What Texas football needs to fix in the offseason for any hope at a 2022 College Football Playoff run

Kaitlyn Harmon, Sports Reporter

Editor’s Note: This article first appeared as part of the November 23 Double Coverage flipbook.

A 4-7 season is not the record the Longhorns anticipated to have heading into Thanksgiving week with — it’s far from it.

When an SEC powerhouse offensive coordinator waltzed into Austin and found his way onto the Forty Acres, both college football fans and the Texas faithful expected the Longhorns to make a playoff run. And as Texas approaches its last matchup of the season against Kansas State, the Longhorns are miles away from a hyped up, hopeful playoff run — they’re not even in bowl contention, and they’re certainly not back.

But the finger isn’t entirely being pointed at recently acquired head coach Steve Sarkisian. Any new coaching job comes with growing pains and requires becoming accustomed to a new team, a new coaching staff, a new dataset of talent, even sometimes a new conference. Sarkisian’s growing pains were anticipated, but they were perhaps underestimated.

If Sarkisian has done anything well, he’s reined in a 2022 recruiting class that is No. 7 in the nation, behind top-ranked teams in Georgia, Alabama, Texas A&M, Ohio State and others. The first-year head coach managed to build a better recruiting class than that of Texas’ archrival Oklahoma and head coach Lincoln Riley — a program and coach known for grooming recent Heisman Trophy-winning quarterbacks and NFL talent.

Even with one of the top recruiting classes in the nation moving to Austin come the new year, a singular recruiting class will not be the sole answer Texas is looking for to fix the Longhorns’ deep troubles before the next season kicks off. And forTexas, a Week 2 matchup at home against Alabama means that the Longhorns better get their ducks in a row in the offseason sooner rather than later.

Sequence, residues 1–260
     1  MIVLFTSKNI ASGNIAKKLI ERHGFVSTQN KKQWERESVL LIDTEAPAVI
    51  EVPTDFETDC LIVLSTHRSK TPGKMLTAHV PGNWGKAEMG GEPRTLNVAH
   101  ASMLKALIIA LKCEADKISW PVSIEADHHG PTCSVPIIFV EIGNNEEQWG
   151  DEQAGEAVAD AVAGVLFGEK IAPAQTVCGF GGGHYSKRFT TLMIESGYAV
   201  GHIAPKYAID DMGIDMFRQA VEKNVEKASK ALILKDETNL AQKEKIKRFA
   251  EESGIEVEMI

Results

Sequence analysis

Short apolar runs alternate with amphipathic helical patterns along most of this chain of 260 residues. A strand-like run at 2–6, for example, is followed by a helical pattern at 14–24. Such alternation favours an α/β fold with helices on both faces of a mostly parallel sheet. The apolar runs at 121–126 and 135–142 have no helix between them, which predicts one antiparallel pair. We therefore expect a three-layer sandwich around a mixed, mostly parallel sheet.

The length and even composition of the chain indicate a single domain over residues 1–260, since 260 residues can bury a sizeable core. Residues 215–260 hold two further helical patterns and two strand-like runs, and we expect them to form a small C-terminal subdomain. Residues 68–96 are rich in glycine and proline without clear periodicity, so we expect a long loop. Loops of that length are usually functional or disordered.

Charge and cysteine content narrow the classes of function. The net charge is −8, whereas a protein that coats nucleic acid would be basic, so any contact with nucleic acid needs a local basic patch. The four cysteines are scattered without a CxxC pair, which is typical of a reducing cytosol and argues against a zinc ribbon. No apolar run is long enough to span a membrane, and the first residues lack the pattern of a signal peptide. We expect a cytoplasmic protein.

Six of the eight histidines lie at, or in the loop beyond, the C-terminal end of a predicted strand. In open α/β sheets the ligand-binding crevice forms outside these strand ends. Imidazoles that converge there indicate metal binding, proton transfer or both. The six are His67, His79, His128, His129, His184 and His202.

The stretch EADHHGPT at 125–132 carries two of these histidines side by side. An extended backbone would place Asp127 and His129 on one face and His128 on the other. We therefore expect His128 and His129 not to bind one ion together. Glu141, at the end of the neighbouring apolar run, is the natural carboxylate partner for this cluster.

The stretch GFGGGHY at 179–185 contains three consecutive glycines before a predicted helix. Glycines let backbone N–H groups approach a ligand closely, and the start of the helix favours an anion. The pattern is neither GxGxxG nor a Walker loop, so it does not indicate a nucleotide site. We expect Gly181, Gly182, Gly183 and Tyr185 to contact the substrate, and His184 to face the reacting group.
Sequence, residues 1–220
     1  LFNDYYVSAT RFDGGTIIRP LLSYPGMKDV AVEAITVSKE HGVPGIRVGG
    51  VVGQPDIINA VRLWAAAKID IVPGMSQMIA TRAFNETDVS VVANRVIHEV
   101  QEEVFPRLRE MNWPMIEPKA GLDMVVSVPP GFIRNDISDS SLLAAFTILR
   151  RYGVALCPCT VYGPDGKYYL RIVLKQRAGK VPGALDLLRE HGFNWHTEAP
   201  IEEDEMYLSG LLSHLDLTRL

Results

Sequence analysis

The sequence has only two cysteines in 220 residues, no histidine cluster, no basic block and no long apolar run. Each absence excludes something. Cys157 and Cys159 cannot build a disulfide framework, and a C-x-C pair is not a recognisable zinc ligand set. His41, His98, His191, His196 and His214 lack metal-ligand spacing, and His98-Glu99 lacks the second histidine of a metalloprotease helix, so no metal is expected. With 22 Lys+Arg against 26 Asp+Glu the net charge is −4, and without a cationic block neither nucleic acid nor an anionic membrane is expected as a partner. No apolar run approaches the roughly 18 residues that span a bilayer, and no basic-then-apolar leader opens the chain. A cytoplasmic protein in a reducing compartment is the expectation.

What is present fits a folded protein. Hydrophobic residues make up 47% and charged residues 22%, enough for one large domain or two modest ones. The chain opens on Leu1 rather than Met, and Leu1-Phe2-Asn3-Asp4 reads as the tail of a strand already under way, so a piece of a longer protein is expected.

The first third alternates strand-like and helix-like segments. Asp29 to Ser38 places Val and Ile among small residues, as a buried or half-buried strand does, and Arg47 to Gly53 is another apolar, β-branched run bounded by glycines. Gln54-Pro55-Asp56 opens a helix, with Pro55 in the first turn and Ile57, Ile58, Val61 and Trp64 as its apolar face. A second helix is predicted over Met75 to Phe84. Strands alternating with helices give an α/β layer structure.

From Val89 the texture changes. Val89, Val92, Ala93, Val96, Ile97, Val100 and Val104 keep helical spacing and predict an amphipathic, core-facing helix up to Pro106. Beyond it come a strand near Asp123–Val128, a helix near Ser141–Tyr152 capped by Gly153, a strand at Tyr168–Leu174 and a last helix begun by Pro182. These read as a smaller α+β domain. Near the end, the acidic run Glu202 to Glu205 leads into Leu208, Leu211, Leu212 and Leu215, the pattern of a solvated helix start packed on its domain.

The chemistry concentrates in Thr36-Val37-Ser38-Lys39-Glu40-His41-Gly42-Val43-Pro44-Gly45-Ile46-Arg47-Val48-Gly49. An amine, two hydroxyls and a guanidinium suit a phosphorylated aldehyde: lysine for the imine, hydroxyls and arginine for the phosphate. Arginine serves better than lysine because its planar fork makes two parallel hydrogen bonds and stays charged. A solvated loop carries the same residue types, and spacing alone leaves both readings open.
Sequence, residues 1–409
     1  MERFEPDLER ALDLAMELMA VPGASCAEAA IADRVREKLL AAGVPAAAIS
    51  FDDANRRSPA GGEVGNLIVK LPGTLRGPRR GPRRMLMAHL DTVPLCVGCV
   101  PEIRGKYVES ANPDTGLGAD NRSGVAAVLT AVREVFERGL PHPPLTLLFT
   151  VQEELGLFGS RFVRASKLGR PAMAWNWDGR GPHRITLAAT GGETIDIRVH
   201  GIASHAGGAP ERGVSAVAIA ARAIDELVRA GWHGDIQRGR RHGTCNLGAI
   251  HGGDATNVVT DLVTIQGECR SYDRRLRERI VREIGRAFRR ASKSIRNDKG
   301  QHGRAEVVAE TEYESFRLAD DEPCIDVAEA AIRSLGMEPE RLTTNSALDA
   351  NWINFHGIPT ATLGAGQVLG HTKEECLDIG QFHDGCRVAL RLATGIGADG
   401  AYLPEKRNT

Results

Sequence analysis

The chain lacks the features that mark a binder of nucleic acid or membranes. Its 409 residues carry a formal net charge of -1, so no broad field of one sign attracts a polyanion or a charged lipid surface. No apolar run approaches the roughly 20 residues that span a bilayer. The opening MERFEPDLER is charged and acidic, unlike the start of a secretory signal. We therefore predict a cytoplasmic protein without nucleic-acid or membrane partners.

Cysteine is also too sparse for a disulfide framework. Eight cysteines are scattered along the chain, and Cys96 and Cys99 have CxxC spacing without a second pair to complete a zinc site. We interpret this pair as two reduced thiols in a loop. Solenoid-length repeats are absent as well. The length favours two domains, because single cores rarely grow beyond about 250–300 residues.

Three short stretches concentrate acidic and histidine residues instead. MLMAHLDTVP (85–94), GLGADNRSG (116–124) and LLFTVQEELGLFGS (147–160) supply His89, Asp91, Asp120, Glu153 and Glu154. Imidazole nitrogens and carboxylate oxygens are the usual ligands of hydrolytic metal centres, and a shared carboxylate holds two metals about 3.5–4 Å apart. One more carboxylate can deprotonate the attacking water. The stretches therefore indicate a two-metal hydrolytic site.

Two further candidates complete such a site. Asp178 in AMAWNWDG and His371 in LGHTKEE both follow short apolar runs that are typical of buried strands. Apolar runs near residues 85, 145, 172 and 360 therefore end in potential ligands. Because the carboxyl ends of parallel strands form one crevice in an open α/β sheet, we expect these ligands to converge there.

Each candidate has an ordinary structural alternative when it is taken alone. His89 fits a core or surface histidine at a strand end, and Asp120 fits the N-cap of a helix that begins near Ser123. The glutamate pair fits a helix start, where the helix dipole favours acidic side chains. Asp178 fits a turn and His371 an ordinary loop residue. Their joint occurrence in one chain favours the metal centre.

After yet another Texas loss against Iowa State on the road, Texas moved to a 4-5 record on the season. Junior defensive lineman Moro Ojomo discussed in a press conference how Sarkisian is building a program, not just a team for a singular season, and how that includes revealing which players are for Sarkisian’s new program and which are not. Ojomo’s remarks came after a passionate video of defensive line coach Bo Davis ranting to players was leaked. The first agenda item the Longhorns need to tackle heading into the offseason is figuring out which players are in Austin for Texas football and which are not. Heart, after all, cannot be taught.

Defensive coordinator Pete Kwiatkowski and the Longhorns need to develop the defensive play. Defensive backs need to better understand opposing offenses and what each opponent poses as a threat.

On the season, the Texas defense has allowed an average of 437.6 yards per game to offenses. The Longhorns have been beaten in the air with 2,623 yards and on the ground with 2,191 yards. Oklahoma State, arguably the best defense in the Big 12, averages 261.3 yards per game to opposing offenses and has given up under 2,000 yards in the air and 909 yards on the ground.

The Texas defense is mainly composed of veteran players, and could see some departures to the 2022 NFL Draft and free agency. Luckily for the Longhorns, the 2022 recruiting class has nine four-star defensive recruits coming to town.

But quite possibly the most obvious problem Texas needs to fix in the offseason is at the quarterback position. Sarkisian all too often made switches at the man under center, altering between freshman quarterback Hudson Card and junior quarterback Casey Thompson.

An offense thrives off of a consistent leader in charge, and the Longhorns saw one too many quarterbacks take snaps too frequently throughout the season. At this moment, both quarterbacks will return for another season unless Texas loses one to the NCAA transfer portal.

And if Card and Thompson fail to be the answer, sophomore quarterback Ben Ballard and three-star freshman quarterback Charles Wright are eagerly waiting to take the helm of the Texas offense.

Sarkisian and the Longhorns have a long and tiresome offseason ahead of themselves that cannot be wasted. And if it is, then Longhorn Nation has a disappointing season ahead.